You’re trying to get ready for your day, and you’ve got to get your kid up and ready for school. Every morning you’re met with resistance. What gives? I can feel your pain as you’re screaming right now: “I can’t get my kid out of bed!!!”
If it’s true that your morning routine determines whether you’re going to have a good day or a bad one, dealing with such frustration can’t be good for you or your child.
There’s lots of strategies out there on the Internet about how to get your kid out of bed, but very few articles address the “why” of the problem. And since different problems require different solutions, you’re spinning your wheels if you haven’t figured out the reason yet.
The good news is that sleep problems are fixable, and you are not forever sentenced to a lifetime of frustrating mornings. Here are the top 3 reasons for why your kid may be struggling to get out of bed.
1. Your child has a medical reason for his sleep problems.
Medical causes need to be first ruled out when there are sleep problems. Excessive snoring, sleep apnea, abnormal REM sleep etc. (and more!) may all contribute to your child’s sluggish morning demeanor. While there may be lifestyle changes you can help your child make, a biological problem should be assessed by a medical provider to rule out anything that only a doctor can treat. An organic sleep problem, if left untreated, will not only affect your child’s morning wakening, but may also affect your child’s daily functioning, growth, mood and behaviors.
2. Your child didn’t go to bed on time.
Seems simple and obvious enough but there could be several reasons why your child didn’t go to bed when he should have. Take a moment to see which one (or more) of the following reasons could be contributing to his sleep problems.
Homework can put a lot of pressure on your kid. Is your kid up all night doing hours of homework? Perhaps your kid is procrastinating with homework and doing it right before bed?
Activity level can affect your child’s bedtime too. Is he in band, karate, the chess club, and swim lessons and doesn’t get home until 10pm? If so, your child may be struggling to unwind with such a busy schedule. Longer time to unwind = less time to sleep = difficulty waking in the morning.
Technology is an ever growing reason for sleep troubles in children. Technology emits blue light which keeps the brain activated. Even though you think he may be relaxing. allowing your child to watch TV, read a book on the Kindle, or watch YouTube videos on his phone is actually keeping his brain alert, and working against that healthy bed time you’re trying to set.
Social media can affect sleep too! Make sure that your child’s social life has a nightly cutoff point. Remember when you were growing up and your mom told you when it gets dark, then it’s time to come inside and get ready for bed? It’s a different generation now, but the theory still remains the same. There needs to be a cut-off point for your child’s social engagement (whether outside or on the phone) so he can unplug, unwind, and get to sleep.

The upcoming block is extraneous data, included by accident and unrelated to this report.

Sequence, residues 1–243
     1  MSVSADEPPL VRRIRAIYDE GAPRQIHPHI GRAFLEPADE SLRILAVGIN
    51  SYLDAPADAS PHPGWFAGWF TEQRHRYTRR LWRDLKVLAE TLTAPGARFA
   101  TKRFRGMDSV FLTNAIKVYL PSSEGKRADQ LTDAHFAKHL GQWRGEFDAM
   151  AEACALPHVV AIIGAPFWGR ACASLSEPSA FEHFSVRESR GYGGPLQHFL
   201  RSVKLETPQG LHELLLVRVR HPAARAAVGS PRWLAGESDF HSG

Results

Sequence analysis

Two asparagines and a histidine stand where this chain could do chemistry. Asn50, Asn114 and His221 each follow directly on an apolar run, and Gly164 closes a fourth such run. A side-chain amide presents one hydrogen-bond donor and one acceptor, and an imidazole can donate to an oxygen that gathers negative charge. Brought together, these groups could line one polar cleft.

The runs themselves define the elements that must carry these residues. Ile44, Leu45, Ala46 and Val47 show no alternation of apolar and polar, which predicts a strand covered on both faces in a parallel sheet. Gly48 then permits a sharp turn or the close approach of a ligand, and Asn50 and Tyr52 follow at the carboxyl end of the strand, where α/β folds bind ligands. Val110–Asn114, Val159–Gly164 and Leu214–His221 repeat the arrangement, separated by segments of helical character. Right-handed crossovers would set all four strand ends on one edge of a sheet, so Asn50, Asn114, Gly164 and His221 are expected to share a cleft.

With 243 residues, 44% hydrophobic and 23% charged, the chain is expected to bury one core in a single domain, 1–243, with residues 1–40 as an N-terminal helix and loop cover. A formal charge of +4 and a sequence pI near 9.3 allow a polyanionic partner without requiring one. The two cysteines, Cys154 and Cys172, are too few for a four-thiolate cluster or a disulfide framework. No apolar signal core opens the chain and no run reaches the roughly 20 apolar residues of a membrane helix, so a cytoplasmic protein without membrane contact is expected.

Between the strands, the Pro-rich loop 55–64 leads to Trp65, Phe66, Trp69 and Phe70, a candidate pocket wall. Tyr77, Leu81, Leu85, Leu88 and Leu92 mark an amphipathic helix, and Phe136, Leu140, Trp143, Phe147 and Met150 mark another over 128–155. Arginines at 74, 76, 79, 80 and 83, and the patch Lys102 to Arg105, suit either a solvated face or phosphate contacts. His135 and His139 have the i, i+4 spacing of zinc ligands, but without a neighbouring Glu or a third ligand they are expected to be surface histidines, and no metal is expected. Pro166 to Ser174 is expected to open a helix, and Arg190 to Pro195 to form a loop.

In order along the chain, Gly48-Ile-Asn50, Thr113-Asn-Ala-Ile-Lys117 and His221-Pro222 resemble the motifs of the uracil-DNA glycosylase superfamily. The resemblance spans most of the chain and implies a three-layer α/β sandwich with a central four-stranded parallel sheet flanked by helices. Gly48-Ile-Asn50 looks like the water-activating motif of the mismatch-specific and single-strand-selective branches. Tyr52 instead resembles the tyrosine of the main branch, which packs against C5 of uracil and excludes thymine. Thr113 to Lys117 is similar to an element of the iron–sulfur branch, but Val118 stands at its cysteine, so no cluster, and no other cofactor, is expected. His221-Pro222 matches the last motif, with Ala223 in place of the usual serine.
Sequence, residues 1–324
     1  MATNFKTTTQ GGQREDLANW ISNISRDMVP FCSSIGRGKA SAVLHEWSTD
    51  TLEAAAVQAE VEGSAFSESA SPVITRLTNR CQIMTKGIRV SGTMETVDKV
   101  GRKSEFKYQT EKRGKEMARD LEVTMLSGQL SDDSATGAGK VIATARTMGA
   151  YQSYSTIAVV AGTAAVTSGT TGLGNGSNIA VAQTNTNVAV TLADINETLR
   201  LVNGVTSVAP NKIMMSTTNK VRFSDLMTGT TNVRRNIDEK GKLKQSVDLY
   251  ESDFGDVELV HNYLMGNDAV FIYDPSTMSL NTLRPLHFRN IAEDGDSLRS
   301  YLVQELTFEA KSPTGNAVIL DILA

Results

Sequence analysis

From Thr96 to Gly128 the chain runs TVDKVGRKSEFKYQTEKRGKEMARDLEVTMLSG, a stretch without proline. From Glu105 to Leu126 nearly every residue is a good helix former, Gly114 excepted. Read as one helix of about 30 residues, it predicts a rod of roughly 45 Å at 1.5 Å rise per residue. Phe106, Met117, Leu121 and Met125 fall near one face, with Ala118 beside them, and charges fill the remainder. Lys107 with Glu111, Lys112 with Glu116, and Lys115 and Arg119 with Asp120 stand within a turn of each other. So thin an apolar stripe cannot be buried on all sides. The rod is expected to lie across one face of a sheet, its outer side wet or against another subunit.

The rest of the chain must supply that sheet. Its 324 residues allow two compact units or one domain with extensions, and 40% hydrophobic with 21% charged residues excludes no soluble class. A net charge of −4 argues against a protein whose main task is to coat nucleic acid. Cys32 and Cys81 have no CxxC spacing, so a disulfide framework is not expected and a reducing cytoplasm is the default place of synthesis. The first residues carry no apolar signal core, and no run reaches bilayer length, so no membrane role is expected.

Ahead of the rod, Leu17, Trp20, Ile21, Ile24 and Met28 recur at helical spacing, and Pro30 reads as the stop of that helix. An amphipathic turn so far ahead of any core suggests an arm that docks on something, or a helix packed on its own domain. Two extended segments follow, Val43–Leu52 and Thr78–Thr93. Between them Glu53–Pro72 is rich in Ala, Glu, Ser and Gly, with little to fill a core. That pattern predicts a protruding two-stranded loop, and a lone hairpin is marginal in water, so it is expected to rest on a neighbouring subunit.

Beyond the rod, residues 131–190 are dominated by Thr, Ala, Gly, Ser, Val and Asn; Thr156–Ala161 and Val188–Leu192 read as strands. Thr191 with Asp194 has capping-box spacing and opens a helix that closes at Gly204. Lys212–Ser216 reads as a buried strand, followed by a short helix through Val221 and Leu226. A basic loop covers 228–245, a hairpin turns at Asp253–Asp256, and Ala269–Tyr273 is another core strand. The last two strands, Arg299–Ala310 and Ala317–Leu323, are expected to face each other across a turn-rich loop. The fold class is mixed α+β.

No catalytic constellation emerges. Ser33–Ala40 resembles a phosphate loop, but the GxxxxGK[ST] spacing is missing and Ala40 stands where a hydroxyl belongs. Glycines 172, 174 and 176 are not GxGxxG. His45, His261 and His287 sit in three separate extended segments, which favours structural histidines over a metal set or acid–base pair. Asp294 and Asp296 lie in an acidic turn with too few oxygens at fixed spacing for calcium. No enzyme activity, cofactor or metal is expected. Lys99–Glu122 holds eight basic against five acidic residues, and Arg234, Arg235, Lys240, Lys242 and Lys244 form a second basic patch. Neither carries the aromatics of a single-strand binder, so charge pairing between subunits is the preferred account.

Anxiety may also be affecting your child’s ability to fall asleep at night which contributes to morning waking difficulties. Talk to your child to see if he’s been feeling anxious lately. In a related category, nightmares can affect your child’s sleep too. Disrupted sleep can cause your child to oversleep, because when he finally knocks out he didn’t get good quality of sleep.
3. Your child doesn’t want to face the day.
Depression is another reason for not wanting to get out of bed. Have you noticed a mood component to your child’s difficulty with getting out of bed? I ask you to assess for this, since oversleeping is a common sign of depression. If your child is not looking forward to his day, of course he’s not going to want to wake up and deal with it!
School-specific blues can also be the problem too. Does your child get out of bed easily on the weekends? If the answer is yes, find out the reason why. Is it simply because he gets to sleep in, or is it because he doesn’t have to go to school? And if it’s because of school, what is the reason for not wanting to go to school? School problems needs to be addressed sooner rather than later. Problems with peers, teachers, or grades at school can affect your child life-long.
Bottom line: Now that you know the reason for those difficult mornings, check out these strategies for helping to get your kid out of bed and on to a productive day:
Please comment below: Has your child ever had sleep problems? How did you figure out the cause and what strategies did you use to solve the problem?
Jenmarie Eadie is a Licensed Clinical Social Worker who is passionate about helping children to become less stressed by giving them and their parents tools, support and encouragement. She received her Master’s in Social Work from Arizona State with a dual concentration in Children, Youth, and Families; and Behavioral Health. Her proudest accomplishment is following her dream of opening up a practice that is designed to focus on the whole family. She currently serves families in Southern California.